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Let $G$ be a CFG, let $A$ be one of its non-terminals, and let $x$ be a string. Define the language = $ \{ \langle G,A,x\rangle|$there exists a derivation of $x$ in which $A$ is used $\}$. Is this language T-recognizable? Is it decidable?

Obviously, we can determine if there is at least one derivation for $G$, since context-free languages are decidable. But we cannot print every derivation. One idea could be to convert to Chomsky normal, and then print all possible derivations up to a certain length, but I am not sure if it would work.

Could one start with first designing a recognizer that is not necessarily decidable and then tweak it to be a decider?

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  • $\begingroup$ So what is your question? Is it Recognizable? or Is it decidable? $\endgroup$ – fade2black Oct 12 '17 at 17:48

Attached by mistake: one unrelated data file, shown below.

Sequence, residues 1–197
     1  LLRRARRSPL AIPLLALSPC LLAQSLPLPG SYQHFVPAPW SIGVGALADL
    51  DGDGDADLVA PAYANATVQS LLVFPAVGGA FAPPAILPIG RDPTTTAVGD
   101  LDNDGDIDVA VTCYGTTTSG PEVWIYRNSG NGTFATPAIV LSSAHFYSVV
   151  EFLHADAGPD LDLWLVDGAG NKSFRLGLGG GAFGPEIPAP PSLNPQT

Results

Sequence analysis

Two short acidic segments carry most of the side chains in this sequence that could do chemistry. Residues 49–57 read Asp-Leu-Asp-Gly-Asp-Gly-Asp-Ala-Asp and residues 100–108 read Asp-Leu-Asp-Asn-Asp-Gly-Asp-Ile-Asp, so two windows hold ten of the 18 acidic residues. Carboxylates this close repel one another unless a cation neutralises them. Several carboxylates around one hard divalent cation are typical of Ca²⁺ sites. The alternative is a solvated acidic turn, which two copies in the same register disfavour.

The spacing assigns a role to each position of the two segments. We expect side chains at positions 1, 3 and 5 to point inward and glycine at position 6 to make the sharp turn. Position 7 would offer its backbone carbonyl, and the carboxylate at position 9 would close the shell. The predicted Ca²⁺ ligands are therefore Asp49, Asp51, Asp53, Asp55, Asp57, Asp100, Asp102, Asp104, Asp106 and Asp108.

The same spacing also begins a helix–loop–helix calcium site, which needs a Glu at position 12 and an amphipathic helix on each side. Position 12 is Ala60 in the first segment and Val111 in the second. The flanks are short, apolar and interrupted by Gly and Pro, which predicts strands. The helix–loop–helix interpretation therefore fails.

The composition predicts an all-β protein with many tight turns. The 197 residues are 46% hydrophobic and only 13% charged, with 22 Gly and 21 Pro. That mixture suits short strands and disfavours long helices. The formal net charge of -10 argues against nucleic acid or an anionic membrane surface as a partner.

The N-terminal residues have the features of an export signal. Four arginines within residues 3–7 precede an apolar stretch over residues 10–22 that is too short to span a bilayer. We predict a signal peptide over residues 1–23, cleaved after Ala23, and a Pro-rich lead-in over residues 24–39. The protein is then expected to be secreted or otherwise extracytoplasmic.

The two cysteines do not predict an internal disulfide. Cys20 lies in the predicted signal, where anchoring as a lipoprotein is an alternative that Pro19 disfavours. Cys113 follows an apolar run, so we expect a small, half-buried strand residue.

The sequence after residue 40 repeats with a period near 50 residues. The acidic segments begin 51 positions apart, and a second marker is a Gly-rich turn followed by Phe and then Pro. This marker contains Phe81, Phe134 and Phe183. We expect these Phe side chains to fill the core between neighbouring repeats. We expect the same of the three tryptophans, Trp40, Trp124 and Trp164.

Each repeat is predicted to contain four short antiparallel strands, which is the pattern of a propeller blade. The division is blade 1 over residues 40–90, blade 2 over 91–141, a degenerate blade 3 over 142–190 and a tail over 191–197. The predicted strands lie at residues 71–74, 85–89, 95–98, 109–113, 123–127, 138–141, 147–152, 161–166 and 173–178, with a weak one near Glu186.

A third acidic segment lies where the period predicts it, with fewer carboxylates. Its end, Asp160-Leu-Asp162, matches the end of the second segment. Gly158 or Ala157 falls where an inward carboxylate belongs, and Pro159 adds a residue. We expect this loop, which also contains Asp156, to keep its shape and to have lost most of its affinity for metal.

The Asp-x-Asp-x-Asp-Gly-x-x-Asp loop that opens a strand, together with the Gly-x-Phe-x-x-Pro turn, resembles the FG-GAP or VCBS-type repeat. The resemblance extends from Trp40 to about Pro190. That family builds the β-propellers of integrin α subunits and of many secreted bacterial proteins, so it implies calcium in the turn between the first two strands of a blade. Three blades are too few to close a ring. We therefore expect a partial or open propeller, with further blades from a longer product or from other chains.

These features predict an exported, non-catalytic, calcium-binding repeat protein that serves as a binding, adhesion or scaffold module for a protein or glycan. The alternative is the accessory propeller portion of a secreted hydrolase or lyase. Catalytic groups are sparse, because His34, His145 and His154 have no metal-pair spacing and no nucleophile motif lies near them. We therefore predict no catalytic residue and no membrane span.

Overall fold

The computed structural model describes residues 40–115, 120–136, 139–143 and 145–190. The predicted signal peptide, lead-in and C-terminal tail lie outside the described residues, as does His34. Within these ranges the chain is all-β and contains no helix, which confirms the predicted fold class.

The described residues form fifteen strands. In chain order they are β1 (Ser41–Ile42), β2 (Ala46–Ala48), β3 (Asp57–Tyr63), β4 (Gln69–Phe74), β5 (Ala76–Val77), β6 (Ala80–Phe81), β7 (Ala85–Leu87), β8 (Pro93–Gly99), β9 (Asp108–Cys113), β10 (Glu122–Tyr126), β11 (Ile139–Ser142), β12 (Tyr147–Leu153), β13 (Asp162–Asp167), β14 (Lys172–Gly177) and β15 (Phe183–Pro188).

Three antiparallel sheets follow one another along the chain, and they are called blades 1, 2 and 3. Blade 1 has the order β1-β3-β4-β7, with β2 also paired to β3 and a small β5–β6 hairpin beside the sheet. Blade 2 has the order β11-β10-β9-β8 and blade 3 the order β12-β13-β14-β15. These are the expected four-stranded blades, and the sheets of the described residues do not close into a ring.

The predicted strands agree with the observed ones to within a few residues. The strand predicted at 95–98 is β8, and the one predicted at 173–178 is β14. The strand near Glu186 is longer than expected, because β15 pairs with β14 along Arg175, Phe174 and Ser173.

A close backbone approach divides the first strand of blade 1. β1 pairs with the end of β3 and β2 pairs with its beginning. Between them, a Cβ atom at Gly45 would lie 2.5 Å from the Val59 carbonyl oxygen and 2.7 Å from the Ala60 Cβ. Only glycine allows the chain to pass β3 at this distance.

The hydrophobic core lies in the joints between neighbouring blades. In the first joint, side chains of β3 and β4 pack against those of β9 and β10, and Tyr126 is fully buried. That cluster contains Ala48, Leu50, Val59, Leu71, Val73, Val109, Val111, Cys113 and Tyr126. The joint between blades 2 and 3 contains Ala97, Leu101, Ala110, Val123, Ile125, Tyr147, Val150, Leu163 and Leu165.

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    $\begingroup$ Hint: Think about the proof of the Pumping lemma. $\endgroup$ – Raphael Oct 12 '17 at 18:18
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You are asking two different questions, I will answer only the first one.

Is this language T-recognizable?

Designing first recognizer and then transforming it into a decider will not always work. A language may be undecidable but recursively enumerable.

Your approach is correct. This language is recognizable (recursively enumerable). Just systematically generate all possible sentences (for example by breadth first search algorithm) every time by checking if any derivation contains the nonterminal $A$ and the derived sentence is $x$. If the test passes then ACCEPT.

A hint for the second question: $x$ has some certain length $n$. Can derivation of all sentences of length $n$ help us decide?

Also, a decidable language is also recursively enumerable, but the converse is not always true.

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